Then, in 1983, came the 'Big Bang' - when the MIDI virus started to attack the music industry and digital technology found its leader in the form of the classic (but for somewhat different reasons) Yamaha DX7. Before long, all analogue classics which lacked the 'benefit' of MIDI were left out in the cold, as the technology explosion continued and just about everything began to sport a MIDI interface. (I'm still working on a MIDI-controlled lager dispenser!)
But now the classics are starting to strike back, as more and more people are returning to the warm, and often unpredictable, sounds of the old technology synthesizers and drum machines. Most recently, 'Acid House' records have made extensive use of old synths and drum machines, helping to spark interest even further.
Helping boost this revival, by providing MIDI retrofits and MIDI interfaces for various 'classic' instruments, are two small British companies: Groove Electronics in Wilton, Wiltshire; and Kenton Electronics in Kingston-upon-Thames, Surrey. Before giving details of the services these two companies provide, let me quickly refresh your memory of how the 'old', pre-MIDI, instruments worked.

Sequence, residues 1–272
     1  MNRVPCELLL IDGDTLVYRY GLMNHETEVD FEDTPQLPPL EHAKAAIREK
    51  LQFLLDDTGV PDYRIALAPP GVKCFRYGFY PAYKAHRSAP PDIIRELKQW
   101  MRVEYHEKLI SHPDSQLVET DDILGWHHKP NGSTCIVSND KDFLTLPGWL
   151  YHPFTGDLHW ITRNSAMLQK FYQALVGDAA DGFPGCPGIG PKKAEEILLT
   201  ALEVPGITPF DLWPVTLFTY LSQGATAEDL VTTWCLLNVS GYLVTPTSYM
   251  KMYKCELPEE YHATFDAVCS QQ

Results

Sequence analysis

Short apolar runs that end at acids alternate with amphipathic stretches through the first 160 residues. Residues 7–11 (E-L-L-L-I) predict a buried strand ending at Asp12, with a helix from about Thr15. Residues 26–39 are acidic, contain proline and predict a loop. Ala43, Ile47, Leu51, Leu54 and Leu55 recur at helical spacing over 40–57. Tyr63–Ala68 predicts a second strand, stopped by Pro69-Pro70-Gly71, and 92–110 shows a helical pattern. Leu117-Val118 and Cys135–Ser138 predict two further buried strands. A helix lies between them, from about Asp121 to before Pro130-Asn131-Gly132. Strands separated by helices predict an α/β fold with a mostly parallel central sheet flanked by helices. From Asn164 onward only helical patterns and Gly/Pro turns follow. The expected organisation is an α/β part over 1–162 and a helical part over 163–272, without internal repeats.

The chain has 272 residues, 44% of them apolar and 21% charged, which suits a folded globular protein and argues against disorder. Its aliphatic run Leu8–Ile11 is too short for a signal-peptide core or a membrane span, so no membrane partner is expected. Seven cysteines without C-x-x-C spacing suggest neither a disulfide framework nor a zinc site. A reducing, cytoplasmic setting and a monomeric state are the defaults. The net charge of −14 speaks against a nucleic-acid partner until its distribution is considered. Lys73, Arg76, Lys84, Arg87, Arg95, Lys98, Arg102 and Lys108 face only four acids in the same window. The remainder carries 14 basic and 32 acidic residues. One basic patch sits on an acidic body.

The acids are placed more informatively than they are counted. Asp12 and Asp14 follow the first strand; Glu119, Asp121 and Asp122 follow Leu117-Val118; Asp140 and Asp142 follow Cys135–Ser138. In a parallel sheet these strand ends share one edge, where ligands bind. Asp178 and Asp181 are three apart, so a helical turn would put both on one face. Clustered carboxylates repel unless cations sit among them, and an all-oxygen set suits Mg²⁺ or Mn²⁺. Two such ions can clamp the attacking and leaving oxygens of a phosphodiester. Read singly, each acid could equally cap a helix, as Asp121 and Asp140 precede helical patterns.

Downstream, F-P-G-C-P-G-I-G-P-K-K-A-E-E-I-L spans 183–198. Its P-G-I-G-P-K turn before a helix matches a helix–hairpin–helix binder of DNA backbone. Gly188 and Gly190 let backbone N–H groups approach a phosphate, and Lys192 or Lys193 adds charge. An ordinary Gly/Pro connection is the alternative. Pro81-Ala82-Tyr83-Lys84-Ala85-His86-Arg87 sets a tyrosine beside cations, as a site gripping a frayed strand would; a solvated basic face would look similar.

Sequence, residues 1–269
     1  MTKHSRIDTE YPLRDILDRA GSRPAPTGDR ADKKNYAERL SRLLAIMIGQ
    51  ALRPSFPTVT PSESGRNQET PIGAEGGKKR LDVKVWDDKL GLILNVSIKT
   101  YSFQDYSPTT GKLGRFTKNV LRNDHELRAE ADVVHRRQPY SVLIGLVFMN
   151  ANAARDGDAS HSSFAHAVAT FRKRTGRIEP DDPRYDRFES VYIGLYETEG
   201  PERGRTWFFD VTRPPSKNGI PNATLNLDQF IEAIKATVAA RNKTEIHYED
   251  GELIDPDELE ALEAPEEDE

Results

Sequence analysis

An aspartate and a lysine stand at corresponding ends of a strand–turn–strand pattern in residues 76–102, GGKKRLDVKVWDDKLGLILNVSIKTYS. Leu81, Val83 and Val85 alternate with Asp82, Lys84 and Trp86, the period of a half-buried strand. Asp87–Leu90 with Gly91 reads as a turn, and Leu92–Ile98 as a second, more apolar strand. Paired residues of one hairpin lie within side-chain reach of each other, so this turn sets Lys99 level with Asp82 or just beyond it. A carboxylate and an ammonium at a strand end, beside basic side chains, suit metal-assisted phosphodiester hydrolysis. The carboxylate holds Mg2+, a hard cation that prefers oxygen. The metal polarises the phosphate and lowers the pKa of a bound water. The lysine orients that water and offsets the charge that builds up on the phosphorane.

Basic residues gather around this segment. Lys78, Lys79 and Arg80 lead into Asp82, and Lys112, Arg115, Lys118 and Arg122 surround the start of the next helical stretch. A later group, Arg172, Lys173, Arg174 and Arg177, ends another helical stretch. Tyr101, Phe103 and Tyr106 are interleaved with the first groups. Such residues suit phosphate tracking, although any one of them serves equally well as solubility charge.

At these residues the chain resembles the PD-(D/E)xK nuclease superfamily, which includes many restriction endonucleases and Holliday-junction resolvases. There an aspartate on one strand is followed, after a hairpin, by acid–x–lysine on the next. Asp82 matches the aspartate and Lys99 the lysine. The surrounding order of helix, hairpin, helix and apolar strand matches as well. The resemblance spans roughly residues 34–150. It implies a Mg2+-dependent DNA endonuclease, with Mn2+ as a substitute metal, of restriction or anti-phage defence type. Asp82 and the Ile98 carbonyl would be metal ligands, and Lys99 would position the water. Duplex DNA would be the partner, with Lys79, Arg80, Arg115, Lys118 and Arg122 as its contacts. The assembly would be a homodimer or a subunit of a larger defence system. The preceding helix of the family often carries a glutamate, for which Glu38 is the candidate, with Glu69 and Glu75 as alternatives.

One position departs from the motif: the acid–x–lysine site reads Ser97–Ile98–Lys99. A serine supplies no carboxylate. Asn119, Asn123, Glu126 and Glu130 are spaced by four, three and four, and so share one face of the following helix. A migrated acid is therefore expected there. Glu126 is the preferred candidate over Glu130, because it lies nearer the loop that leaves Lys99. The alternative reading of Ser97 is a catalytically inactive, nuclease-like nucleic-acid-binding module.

The early monophonic synths used Voltage Control throughout the sound generation process, including Voltage Controlled Oscillators (VCOs), Voltage Controlled Filters (VCFs), and Voltage Controlled Amplifiers (VCAs). The keyboard generated a variable voltage, normally following a 'one volt per octave' law (Yamaha synths used a Hertz per octave arrangement just to be different!), which was then fed to the VCOs to give the variation in pitch. The keyboard output voltage was often supplied to the VCF so that the Filter would track the keyboard, allowing the Filter frequency to vary with pitch. Most of the controls that affected the various parts of the synth sent adjusting voltages. This is true of the Envelope Generators (EGs), which could be routed to control either the VCF, providing the famous 'swept' filter effect; the VCA, to adjust the volume envelope; and/or the VCOs, to produce pitch shift effects.